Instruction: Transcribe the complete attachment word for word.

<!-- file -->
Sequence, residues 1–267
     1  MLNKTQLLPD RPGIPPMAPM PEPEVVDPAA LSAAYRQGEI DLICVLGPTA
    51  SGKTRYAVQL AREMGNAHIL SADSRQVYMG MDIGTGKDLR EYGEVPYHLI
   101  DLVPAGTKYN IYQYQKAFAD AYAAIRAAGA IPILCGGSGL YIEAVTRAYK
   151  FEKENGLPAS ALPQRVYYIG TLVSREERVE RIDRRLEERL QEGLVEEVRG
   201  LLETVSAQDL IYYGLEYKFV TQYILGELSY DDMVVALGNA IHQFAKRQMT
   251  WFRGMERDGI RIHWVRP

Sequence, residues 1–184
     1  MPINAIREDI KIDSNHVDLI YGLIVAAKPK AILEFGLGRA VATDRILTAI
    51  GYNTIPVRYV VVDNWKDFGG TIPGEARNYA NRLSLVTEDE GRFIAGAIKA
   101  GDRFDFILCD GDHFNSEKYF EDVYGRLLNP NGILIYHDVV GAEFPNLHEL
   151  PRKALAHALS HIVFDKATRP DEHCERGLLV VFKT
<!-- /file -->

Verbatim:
Sequence, residues 1–267
     1  MLNKTQLLPD RPGIPPMAPM PEPEVVDPAA LSAAYRQGEI DLICVLGPTA
    51  SGKTRYAVQL AREMGNAHIL SADSRQVYMG MDIGTGKDLR EYGEVPYHLI
   101  DLVPAGTKYN IYQYQKAFAD AYAAIRAAGA IPILCGGSGL YIEAVTRAYK
   151  FEKENGLPAS ALPQRVYYIG TLVSREERVE RIDRRLEERL QEGLVEEVRG
   201  LLETVSAQDL IYYGLEYKFV TQYILGELSY DDMVVALGNA IHQFAKRQMT
   251  WFRGMERDGI RIHWVRP

Sequence, residues 1–184
     1  MPINAIREDI KIDSNHVDLI YGLIVAAKPK AILEFGLGRA VATDRILTAI
    51  GYNTIPVRYV VVDNWKDFGG TIPGEARNYA NRLSLVTEDE GRFIAGAIKA
   101  GDRFDFILCD GDHFNSEKYF EDVYGRLLNP NGILIYHDVV GAEFPNLHEL
   151  PRKALAHALS HIVFDKATRP DEHCERGLLV VFKT